AP-NC Newswatch

Financial News
November 14, 2019
AP Scorecard
November 14, 2019
AP-NC Newswatch

 

 

 

Latest North Carolina news, sports, business and entertainment at 6:20 a.m. EST

 

 

AP-US-CATTLE-CASTAWAYS-DORIAN
Cows cast away by Dorian found alive on N Carolina island
(Information from: The Charlotte Observer, http://www.charlotteobserver.com)
CAPE LOOKOUT, N.C. (AP) – A trio of castaway cows has been discovered on North Carolina’s Outer Banks, where they apparently washed up after swimming for miles to escape Hurricane Dorian ‘s storm surge.
Cape Lookout National Seashore officials think the stranded cows swam up to 5 miles (8 kilometers) during the September storm before being found near Cape Lookout this month. The cows belong to a herd that roams freely on Cedar Island, across the sound. When Dorian generated an 8-foot (2-meter) “mini tsunami,” it washed them and dozens of other animals away, including 28 wild horses that died.
Seashore spokesman B.G. Horvat told McClatchy news group the cows are grazing peacefully after a harrowing feat of survival, but they need to go home. He thinks they’ll have to be sedated for the boat trip.

 

 

CITY COUNCIL TELECASTS
North Carolina mayor-elect wants televised council meetings
(Information from: Rocky Mount Telegram, http://www.rockymounttelegram.com)
ROCKY MOUNT, N.C. (AP) – The incoming mayor of a North Carolina city is pushing the idea of televised city council meetings.
The Rocky Mount Telegram reports Mayor-elect Sandy Roberson is also looking into televising meetings of the city’s boards and commissions. Roberson bases his idea on the fact that there are people who keep track of city government but can’t attend the meetings.
A local television station broadcasts delayed video of council meetings and a local resident uses a cellphone while seated in the audience to show the meetings in real time on her Facebook page.
Ward 5 Councilman-elect Lige Daughtridge says he believes that complete transparency is vital to ensure the public trust and that local residents and the news media have access to all public information.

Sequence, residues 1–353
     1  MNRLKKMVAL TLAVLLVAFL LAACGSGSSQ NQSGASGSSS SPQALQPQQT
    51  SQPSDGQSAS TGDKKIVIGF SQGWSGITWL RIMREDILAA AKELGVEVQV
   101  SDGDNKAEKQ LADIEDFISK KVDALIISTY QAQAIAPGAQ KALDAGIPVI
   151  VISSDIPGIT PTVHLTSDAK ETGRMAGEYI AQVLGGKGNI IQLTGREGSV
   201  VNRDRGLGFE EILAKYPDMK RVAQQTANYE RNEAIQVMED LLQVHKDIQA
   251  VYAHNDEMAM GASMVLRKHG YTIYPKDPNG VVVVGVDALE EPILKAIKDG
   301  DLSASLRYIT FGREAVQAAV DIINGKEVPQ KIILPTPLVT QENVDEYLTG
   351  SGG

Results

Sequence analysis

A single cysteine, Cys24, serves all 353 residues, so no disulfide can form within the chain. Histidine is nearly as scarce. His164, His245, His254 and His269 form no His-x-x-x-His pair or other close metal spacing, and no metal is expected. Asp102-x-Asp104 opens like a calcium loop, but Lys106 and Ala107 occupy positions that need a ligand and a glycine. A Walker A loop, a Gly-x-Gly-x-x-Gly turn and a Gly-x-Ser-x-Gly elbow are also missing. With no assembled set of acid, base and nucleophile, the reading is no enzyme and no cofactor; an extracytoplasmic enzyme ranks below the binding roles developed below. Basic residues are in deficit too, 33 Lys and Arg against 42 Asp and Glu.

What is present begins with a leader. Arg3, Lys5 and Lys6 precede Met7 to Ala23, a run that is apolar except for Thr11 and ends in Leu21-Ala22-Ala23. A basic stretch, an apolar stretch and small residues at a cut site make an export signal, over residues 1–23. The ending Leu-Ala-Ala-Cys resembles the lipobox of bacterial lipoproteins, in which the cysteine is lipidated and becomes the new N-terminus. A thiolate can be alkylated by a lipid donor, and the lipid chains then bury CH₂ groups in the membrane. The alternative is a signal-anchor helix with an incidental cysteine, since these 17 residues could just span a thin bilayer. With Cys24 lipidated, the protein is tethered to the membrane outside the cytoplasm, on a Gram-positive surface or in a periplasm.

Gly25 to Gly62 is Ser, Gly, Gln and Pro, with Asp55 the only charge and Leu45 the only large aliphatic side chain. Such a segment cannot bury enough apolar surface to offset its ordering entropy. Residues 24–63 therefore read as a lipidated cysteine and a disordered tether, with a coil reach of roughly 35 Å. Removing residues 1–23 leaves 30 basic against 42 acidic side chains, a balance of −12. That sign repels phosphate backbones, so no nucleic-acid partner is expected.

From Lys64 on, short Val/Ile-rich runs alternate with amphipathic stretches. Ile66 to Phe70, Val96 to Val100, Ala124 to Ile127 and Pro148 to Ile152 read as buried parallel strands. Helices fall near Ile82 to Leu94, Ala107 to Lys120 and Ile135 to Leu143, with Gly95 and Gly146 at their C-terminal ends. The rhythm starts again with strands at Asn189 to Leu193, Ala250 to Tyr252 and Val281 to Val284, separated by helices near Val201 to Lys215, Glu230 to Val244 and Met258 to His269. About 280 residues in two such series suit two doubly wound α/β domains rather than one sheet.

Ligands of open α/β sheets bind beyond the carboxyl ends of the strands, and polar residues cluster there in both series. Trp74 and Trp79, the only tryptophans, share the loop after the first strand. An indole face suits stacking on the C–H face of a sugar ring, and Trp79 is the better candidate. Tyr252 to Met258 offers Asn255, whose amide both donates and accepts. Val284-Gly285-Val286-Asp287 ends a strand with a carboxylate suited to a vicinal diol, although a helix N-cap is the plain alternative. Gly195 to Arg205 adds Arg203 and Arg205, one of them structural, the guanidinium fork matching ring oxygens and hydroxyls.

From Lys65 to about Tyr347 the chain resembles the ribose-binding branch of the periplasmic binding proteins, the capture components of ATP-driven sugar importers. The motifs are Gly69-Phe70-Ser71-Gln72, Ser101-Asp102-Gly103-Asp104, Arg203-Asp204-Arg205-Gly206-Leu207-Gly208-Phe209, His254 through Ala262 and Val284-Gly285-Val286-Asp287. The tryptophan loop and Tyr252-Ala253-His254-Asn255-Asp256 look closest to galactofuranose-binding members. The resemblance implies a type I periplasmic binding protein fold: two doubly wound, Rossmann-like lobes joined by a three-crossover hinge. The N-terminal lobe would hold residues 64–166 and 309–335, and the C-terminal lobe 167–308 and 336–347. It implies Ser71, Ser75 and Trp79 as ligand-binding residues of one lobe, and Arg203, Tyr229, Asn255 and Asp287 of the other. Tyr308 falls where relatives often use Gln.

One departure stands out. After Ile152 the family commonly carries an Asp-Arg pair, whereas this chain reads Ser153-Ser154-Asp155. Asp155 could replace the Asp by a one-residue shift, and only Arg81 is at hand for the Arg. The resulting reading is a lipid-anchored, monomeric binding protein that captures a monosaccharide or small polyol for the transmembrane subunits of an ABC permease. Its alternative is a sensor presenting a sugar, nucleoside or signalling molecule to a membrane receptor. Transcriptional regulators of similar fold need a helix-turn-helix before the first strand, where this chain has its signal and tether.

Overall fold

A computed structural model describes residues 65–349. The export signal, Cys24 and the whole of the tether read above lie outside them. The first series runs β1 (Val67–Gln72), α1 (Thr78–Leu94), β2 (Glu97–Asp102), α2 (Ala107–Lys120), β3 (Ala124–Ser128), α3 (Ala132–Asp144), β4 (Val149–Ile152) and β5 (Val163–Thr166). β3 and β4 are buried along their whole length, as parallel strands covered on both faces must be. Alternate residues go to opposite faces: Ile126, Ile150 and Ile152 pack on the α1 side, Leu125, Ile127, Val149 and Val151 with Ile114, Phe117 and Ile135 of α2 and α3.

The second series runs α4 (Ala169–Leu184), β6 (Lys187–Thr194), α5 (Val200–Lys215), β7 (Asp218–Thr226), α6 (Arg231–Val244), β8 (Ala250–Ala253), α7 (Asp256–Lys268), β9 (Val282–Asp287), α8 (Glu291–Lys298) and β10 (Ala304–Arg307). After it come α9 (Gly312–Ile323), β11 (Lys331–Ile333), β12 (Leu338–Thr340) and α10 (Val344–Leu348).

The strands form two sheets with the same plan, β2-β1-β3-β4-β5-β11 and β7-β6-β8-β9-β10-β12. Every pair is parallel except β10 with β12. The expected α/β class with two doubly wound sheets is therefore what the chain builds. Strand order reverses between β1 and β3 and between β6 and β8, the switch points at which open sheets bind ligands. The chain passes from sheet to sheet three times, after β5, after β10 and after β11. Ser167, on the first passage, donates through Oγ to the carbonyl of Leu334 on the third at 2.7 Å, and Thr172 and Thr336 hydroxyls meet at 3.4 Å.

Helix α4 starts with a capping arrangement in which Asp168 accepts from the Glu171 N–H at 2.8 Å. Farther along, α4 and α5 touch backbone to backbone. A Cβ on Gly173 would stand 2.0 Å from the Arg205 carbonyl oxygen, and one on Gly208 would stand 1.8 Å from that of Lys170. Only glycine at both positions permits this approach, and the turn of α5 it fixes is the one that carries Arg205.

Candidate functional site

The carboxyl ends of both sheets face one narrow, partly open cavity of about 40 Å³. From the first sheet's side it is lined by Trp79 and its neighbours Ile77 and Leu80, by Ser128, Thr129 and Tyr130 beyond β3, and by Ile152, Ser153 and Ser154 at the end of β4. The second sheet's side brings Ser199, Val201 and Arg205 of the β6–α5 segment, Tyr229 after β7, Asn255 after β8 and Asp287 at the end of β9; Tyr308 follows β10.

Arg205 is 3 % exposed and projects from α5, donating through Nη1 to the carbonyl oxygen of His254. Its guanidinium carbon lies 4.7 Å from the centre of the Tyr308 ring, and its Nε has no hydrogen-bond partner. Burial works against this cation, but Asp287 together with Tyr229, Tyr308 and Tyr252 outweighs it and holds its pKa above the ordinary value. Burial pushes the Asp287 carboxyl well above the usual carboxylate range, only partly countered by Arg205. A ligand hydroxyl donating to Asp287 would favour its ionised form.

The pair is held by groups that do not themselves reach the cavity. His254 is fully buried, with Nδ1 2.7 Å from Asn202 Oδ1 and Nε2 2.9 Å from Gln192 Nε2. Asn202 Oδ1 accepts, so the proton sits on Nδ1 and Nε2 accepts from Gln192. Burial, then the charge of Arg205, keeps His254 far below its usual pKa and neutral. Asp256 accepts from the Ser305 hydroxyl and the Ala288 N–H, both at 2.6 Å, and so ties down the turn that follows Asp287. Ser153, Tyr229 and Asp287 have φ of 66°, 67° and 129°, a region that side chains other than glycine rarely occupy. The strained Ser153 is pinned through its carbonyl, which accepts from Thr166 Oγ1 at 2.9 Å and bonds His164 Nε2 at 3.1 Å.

CONGRESSIONAL REDISTRICTING
Debate, votes expected on Congress remap in North Carolina
RALEIGH, N.C. (AP) – Some Republicans are ready to advance a new map for North Carolina’s congressional districts next year.
The House planned to debate and vote on proposed boundaries Thursday that would replace the lines for the state’s 13 U.S. House seats. It’s happening because state judges blocked the current map’s use for the 2020 elections, saying it was likely an illegal partisan gerrymander favoring the GOP.
Republicans hold 10 of the state’s 13 congressional seats. Any replacement likely would make Democratic candidates more competitive.
A map would have to be approved to by both the Senate and House, both of which are run by Republicans. Unlike other legislation, redistricting bills aren’t subject to Democratic Gov. Roy Cooper’s veto.
Approving new boundaries soon could allow congressional primaries to occur as scheduled March 3.

 

 

DUKE UNIVERSITY-OPOSSUM
Duke University struggles to catch opossum lording over dorm
DURHAM, N.C. (AP) – A opossum has illegally taken up residence in the ceiling of a Duke University dorm, where students have been complaining about being bitten by fleas.
The school’s assistant vice president of student affairs, Joe Gonzalez, told reporters on Wednesday that the school has yet to catch the elusive opossum that students first complained about in October. He says the creature has escaped custody partly because it appears to be splitting its time between the Few Quad dorm and somewhere else.
Reports of fleas also began to surface last month, prompting the school to put students up in another dorm while they fumigated the place. Gonzalez says the opossum may have brought the fleas, but that’s unconfirmed. Irritated students are questioning why they’re dealing with such conditions at a $78,608-per-year school.